NEW YORK (Reuters Health) – Obesity altered the immune system response to immunotherapy for allergies and asthma in a mouse study.
“The most critical next steps would to explore the therapeutic approach in non-human primates, where the immune response is stronger and similar to humans,” Dr. Ronald Evans of The Salk Institute for Biological Studies in La Jolla told Reuters Health by email. “Secondly, to explore patients who take peroxisome proliferator-activated receptor-gamma (PPARg) therapy to see if there is a lower incidence for atopic dermatitis (AD).”
“While PPARg drugs are approved for diabetes, they have long-ter side effects, such as weight gain and some bone loss,” he said. “However, if the study can be done with a short-term intervention, a pilot study might be helpful.”
One implication of the current study, he said, “is that (since) obesity makes the situation worse, clinicians should encourage their patients to improve their diets, get exercise and lose weight.”
As reported in Nature, Dr. Evans and colleagues studied two mouse models of AD, and found that obese mice mount markedly different immune responses from lean ones. Obesity converted the classical type 2 T helper (TH2)-predominant disease associated with atopic dermatitis to a more severe disease with prominent TH17 inflammation.
They also observed different responses to AD biologic therapies targeting TH2 cytokines; the drugs protected lean mice but exacerbated disease in obese mice.
Yet, when the team treated the obese mice with rosiglitazone, a PPARg-activating drug, the animals’ skin improved and their molecular profile switched from TH17 back to TH2. At that point, therapies aimed at TH2 inflammation were almost as effective as in lean mice.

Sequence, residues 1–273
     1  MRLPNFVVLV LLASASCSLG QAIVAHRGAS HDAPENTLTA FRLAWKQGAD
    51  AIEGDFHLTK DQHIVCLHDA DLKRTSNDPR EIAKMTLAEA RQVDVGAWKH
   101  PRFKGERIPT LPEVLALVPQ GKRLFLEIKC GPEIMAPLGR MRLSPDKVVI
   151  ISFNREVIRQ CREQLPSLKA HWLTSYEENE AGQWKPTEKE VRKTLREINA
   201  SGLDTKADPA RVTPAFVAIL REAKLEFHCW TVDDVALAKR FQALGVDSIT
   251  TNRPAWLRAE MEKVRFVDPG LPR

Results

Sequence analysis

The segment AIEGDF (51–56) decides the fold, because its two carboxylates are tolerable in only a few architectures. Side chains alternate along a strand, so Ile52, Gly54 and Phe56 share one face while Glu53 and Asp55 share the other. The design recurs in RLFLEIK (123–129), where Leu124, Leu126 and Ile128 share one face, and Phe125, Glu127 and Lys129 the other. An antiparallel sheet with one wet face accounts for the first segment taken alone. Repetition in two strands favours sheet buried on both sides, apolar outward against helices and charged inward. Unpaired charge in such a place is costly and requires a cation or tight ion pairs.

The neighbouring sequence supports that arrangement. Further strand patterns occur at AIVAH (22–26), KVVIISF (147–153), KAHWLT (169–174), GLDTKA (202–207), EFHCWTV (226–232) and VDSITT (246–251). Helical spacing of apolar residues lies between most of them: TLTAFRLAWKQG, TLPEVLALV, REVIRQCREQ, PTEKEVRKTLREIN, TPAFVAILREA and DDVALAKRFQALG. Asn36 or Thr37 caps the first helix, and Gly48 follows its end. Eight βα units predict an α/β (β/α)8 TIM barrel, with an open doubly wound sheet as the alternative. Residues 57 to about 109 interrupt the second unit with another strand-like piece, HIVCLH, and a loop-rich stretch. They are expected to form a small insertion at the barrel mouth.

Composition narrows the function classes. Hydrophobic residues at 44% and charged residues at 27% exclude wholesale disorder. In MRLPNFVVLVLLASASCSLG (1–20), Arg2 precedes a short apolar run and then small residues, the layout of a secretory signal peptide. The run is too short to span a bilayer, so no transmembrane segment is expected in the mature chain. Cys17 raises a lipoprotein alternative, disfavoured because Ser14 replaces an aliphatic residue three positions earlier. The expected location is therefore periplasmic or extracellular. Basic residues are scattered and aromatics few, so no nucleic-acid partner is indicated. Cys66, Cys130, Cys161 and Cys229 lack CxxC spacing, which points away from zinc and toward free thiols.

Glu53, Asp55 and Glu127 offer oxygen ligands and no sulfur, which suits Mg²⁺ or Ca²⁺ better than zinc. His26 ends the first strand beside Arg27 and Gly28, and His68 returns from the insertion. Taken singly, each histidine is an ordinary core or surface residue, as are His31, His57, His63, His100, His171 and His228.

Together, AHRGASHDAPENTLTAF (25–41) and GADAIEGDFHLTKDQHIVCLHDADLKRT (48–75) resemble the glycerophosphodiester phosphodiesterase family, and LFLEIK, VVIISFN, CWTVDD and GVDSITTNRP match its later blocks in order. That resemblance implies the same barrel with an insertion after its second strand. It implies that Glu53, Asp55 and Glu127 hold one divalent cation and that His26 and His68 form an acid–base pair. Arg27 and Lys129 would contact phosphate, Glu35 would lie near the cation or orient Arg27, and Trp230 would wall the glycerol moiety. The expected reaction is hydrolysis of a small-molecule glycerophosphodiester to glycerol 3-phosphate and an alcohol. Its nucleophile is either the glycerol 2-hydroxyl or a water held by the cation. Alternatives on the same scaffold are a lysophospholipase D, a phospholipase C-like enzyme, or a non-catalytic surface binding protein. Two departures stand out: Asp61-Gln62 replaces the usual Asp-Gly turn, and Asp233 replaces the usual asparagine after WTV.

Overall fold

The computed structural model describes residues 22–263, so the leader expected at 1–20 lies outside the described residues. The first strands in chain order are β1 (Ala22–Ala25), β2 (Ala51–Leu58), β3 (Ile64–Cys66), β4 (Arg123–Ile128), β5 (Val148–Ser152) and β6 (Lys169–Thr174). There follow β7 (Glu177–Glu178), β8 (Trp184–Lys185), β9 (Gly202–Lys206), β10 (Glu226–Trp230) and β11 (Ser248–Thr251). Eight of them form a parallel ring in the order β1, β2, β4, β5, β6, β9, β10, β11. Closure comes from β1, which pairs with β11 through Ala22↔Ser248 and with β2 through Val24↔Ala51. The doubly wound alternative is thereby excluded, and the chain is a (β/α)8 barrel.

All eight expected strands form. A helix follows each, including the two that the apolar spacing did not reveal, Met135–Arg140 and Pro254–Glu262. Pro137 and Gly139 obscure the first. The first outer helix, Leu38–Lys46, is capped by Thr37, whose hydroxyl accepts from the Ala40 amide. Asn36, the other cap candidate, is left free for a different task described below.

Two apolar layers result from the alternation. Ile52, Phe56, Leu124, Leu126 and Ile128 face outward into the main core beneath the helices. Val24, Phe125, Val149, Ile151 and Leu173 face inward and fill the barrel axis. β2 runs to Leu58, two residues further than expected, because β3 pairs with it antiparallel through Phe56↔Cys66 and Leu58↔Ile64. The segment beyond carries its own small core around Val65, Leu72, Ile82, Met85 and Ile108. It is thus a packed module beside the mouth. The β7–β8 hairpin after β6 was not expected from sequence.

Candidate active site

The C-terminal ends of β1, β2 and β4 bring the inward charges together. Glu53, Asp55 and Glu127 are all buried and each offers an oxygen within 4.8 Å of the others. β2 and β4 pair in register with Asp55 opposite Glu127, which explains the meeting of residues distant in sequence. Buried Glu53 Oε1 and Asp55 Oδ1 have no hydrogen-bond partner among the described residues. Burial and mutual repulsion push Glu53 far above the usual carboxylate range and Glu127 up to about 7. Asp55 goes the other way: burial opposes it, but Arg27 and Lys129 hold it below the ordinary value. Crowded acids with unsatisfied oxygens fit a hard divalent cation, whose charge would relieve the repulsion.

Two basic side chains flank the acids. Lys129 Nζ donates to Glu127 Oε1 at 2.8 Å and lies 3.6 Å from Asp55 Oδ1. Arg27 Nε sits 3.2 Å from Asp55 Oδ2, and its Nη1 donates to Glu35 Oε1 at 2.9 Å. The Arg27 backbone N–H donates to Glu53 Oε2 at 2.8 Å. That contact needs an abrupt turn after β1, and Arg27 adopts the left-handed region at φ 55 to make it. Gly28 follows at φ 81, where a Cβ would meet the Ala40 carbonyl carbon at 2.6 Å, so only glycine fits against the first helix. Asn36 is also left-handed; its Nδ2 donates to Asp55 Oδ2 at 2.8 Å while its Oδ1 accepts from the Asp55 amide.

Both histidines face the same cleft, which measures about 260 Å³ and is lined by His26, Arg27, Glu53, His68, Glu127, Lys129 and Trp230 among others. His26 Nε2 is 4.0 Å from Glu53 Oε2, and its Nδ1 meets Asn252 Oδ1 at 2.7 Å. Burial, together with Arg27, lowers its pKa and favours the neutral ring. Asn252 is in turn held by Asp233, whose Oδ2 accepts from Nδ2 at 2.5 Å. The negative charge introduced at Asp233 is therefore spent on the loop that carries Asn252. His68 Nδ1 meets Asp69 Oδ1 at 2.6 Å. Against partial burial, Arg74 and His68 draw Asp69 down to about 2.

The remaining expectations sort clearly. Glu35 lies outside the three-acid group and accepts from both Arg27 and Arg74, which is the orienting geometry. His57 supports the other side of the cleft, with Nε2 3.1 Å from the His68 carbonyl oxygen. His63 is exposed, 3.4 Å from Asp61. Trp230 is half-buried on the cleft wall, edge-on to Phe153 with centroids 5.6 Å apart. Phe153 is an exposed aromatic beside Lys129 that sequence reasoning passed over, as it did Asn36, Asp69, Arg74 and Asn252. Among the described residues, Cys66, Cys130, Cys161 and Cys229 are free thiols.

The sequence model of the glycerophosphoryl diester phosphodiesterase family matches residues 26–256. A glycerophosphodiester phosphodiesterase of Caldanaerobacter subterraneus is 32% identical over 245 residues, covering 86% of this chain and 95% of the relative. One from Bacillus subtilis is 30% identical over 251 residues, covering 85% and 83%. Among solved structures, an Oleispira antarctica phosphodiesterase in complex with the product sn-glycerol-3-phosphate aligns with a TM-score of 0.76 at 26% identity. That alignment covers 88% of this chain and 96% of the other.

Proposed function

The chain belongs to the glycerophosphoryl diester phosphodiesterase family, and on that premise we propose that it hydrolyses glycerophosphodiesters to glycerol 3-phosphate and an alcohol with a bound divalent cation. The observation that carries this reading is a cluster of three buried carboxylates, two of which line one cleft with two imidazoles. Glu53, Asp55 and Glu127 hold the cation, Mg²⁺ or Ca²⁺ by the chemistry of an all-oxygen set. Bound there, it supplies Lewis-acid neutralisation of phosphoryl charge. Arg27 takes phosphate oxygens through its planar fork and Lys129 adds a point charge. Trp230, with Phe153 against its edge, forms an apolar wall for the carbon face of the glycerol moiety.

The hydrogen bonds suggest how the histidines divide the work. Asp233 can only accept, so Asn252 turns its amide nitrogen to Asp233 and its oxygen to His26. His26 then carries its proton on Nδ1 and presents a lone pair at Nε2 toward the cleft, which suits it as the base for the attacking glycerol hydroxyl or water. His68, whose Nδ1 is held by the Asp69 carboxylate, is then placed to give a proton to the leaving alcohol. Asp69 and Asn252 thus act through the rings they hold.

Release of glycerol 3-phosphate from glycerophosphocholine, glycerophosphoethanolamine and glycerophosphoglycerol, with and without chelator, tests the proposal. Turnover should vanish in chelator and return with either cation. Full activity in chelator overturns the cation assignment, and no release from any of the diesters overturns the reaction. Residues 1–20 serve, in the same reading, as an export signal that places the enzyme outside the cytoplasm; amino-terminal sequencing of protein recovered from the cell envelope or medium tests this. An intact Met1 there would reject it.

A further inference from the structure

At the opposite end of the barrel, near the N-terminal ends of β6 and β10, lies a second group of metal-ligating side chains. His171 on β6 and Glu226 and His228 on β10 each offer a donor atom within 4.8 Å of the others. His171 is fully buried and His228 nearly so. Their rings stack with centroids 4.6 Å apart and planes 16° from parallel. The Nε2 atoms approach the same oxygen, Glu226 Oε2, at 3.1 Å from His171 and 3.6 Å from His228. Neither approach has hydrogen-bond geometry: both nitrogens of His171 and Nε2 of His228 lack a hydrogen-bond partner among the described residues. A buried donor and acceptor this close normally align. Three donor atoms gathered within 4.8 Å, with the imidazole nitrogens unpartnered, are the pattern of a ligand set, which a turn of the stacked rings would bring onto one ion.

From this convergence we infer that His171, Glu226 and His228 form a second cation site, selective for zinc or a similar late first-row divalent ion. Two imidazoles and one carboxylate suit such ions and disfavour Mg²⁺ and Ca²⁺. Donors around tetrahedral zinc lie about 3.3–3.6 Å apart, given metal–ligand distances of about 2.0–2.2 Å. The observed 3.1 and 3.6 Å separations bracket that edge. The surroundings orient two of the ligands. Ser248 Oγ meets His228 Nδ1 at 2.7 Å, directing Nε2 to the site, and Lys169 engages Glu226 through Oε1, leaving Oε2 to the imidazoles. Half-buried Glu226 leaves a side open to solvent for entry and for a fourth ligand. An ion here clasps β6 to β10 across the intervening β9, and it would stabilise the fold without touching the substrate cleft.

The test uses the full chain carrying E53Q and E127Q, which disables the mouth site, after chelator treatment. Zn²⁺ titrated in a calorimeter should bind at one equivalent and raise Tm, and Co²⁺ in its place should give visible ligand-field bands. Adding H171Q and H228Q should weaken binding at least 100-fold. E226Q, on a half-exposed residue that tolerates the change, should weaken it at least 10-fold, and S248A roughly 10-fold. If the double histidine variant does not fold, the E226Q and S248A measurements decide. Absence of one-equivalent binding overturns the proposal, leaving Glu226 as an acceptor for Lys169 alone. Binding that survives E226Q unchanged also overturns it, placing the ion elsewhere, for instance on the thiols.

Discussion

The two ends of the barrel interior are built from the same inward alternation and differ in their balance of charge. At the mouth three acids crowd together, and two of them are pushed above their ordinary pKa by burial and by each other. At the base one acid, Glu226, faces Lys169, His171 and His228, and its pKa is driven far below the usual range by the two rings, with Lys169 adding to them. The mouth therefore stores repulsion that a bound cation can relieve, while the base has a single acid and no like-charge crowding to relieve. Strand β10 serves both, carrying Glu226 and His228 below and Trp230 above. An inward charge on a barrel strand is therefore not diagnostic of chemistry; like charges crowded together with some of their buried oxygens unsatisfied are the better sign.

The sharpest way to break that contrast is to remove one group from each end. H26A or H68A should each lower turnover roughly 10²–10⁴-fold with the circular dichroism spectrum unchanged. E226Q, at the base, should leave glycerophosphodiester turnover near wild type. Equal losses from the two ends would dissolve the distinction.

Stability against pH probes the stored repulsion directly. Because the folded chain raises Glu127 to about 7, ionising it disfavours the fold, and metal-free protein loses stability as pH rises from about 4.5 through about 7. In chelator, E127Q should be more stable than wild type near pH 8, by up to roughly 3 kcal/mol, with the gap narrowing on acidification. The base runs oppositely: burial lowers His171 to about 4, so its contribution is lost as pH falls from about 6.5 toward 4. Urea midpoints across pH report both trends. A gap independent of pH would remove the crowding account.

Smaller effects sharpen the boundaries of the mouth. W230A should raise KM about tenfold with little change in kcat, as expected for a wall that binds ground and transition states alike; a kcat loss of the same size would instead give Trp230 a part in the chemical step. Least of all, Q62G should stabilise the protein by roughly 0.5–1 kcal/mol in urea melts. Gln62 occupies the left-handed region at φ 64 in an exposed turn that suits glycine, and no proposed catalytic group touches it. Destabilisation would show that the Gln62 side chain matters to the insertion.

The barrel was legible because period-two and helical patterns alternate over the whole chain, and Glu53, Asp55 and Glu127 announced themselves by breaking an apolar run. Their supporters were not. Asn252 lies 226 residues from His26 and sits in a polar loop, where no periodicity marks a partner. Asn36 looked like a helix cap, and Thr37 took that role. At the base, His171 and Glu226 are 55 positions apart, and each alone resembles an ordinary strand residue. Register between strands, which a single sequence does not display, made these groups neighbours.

The authors conclude, “These studies reveal the effects of obesity on immunological disease and suggest a precision medicine approach to target the immune dysregulation caused by obesity.”
Dr. Jonathan Silverberg, Director of Clinical Research and of Patch Testing at George Washington University School of Medicine and Health Sciences in Washington, DC, commented on the study in an email to Reuters Health. “The results are interesting,” he said. “However, many experts in the field have noted that mouse models of AD are more similar to psoriasis in humans.”
“Psoriasis is a Th17-mediated disorder that is strongly associated with obesity and metabolic syndrome, whereas AD is associated with Th2 and less Th17,” he noted. “These results suggest that obesity skews the immune system toward Th17.”
“Some AD patient subsets were found in previous studies to have increased Th17 activation, particularly patients of Asian descent,” said. “However, these were, if anything, lighter weight patients.”
“I am not sure if any of these results are generalizable to humans,” he added. “Nevertheless, I think future studies are certainly warranted.”
SOURCE: https://go.nature.com/3v2n19V Nature, online March 30, 2022.
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